by Meg Bendzinski
It is common knowledge that spaying or neutering your dog or cat will prevent them from reproducing, thus helping to reduce the problem of unwanted pets. Many of these pets either end up in shelters or living on the streets exposed to disease, and other dangers. In states where pet overpopulation is especially high, some of these pets may even be euthanized due to a lack of adoptive homes. One would think that these reasons alone would be enough to convince someone to sterilize their companion animal before they have reached reproductive maturity, but that is not always the case.
The following are some common myths about spaying and neutering along with the facts that will clear up any misunderstandings.
Myth: A female cat or dog should have a litter before she is spayed. In fact, it is best for your kitten or puppy to be spayed before her first heat cycle (approximately 6-9 months of age). This reduces the likelihood of mammary cancer by about 50%. The longer a female goes unspayed, the more likely she is to develop cancer and pyometra, an infection of the uterus which if left untreated can be fatal. In addition, allowing your dog or cat to have even one litter is producing more animals that will need good homes.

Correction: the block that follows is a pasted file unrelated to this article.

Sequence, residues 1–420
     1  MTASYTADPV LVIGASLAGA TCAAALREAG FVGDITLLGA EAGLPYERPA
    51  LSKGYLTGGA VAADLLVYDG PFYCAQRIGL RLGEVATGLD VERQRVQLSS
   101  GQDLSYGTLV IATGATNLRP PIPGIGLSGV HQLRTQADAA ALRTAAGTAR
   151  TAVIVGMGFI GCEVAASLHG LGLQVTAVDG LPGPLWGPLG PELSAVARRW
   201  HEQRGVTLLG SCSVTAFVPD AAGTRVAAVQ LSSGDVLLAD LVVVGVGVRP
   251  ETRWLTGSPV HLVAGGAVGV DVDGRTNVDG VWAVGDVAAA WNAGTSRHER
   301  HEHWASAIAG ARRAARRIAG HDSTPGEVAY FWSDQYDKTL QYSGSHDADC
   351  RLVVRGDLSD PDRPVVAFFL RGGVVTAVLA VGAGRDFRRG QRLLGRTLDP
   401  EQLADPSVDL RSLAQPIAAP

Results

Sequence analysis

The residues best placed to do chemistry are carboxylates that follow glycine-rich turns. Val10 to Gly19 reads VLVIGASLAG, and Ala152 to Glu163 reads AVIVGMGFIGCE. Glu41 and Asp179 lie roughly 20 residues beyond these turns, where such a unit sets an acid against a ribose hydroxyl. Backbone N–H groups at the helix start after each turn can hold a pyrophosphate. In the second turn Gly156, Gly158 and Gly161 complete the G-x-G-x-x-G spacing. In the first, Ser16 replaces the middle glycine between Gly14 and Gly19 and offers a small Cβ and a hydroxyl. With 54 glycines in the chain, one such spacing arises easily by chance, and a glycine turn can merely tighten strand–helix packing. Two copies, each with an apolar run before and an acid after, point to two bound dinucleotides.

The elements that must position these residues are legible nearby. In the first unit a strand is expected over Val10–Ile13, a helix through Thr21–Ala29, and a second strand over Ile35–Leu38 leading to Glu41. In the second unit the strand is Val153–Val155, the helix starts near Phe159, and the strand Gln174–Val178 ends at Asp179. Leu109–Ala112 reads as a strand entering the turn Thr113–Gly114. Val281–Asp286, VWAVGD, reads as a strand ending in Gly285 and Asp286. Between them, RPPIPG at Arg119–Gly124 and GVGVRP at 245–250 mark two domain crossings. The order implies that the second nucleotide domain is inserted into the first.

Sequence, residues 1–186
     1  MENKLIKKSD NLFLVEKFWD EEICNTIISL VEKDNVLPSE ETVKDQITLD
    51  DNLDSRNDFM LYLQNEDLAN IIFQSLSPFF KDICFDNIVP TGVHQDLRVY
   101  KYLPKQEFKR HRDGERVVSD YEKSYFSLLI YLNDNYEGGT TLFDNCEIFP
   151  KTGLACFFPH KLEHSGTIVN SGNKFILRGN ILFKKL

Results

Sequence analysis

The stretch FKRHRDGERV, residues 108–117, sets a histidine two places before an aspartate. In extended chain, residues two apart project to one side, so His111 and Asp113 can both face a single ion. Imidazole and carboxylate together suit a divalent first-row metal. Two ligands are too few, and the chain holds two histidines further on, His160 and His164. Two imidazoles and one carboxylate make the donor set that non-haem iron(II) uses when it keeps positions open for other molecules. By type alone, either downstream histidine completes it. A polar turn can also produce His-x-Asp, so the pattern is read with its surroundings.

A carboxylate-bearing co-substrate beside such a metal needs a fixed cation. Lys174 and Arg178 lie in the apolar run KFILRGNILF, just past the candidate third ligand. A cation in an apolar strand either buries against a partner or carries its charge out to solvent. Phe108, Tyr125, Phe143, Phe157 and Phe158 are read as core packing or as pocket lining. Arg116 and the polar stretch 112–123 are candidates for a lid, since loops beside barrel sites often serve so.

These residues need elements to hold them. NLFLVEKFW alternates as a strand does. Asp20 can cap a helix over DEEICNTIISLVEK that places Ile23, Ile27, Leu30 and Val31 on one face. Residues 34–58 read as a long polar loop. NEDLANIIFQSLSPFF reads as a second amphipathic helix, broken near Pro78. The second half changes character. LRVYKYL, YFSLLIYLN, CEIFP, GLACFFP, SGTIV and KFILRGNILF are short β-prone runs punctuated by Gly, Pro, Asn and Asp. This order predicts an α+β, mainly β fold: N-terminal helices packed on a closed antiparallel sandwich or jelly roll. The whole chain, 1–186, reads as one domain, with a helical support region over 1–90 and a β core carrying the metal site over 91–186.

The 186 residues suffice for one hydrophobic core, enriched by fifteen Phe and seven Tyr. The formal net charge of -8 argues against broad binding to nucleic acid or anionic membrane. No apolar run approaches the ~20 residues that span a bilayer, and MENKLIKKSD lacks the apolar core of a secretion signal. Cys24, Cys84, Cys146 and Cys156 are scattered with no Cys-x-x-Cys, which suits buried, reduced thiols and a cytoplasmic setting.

It is especially important to spay female cats. The risk of mammary cancer is reduced by 85-90% if spayed before their first heat cycle. In addition, a cat’s instinct to reproduce is extremely strong, and the heat cycle can be very disturbing for them. They howl, rub up against everything, and spray urine around to attract males. They get extremely agitated and are also uncomfortable. Their heat cycles can continue for as long as 3 weeks, and during the breeding season (fall and spring) they may go into heat every 2 weeks. The resourcefulness of the cat is one of the strongest contributors to the drastic overpopulation problem suffered by the species. Therefore, it is best to eliminate the problem and the stress on your female kitty by having her spayed before her first heat cycle.